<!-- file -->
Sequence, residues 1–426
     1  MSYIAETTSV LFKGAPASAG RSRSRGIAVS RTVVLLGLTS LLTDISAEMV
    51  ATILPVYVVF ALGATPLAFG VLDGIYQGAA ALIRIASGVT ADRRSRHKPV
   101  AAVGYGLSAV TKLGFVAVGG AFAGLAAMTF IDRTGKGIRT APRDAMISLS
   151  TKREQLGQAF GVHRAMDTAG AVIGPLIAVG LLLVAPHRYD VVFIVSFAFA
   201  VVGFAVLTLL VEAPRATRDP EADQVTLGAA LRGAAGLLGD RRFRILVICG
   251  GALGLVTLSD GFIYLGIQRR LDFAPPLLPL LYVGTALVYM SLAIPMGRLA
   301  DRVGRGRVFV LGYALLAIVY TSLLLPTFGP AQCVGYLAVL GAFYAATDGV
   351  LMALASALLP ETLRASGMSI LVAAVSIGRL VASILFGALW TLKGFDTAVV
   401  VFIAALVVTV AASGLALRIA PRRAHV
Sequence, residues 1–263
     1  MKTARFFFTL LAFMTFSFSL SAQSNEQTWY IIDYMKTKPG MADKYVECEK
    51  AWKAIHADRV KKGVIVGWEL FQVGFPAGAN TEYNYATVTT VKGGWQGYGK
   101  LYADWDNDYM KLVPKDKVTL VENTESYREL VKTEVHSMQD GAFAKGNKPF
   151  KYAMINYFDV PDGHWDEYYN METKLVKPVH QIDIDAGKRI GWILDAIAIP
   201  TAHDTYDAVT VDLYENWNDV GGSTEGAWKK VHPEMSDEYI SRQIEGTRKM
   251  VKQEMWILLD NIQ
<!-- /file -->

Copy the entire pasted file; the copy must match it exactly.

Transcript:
Sequence, residues 1–426
     1  MSYIAETTSV LFKGAPASAG RSRSRGIAVS RTVVLLGLTS LLTDISAEMV
    51  ATILPVYVVF ALGATPLAFG VLDGIYQGAA ALIRIASGVT ADRRSRHKPV
   101  AAVGYGLSAV TKLGFVAVGG AFAGLAAMTF IDRTGKGIRT APRDAMISLS
   151  TKREQLGQAF GVHRAMDTAG AVIGPLIAVG LLLVAPHRYD VVFIVSFAFA
   201  VVGFAVLTLL VEAPRATRDP EADQVTLGAA LRGAAGLLGD RRFRILVICG
   251  GALGLVTLSD GFIYLGIQRR LDFAPPLLPL LYVGTALVYM SLAIPMGRLA
   301  DRVGRGRVFV LGYALLAIVY TSLLLPTFGP AQCVGYLAVL GAFYAATDGV
   351  LMALASALLP ETLRASGMSI LVAAVSIGRL VASILFGALW TLKGFDTAVV
   401  VFIAALVVTV AASGLALRIA PRRAHV
Sequence, residues 1–263
     1  MKTARFFFTL LAFMTFSFSL SAQSNEQTWY IIDYMKTKPG MADKYVECEK
    51  AWKAIHADRV KKGVIVGWEL FQVGFPAGAN TEYNYATVTT VKGGWQGYGK
   101  LYADWDNDYM KLVPKDKVTL VENTESYREL VKTEVHSMQD GAFAKGNKPF
   151  KYAMINYFDV PDGHWDEYYN METKLVKPVH QIDIDAGKRI GWILDAIAIP
   201  TAHDTYDAVT VDLYENWNDV GGSTEGAWKK VHPEMSDEYI SRQIEGTRKM
   251  VKQEMWILLD NIQ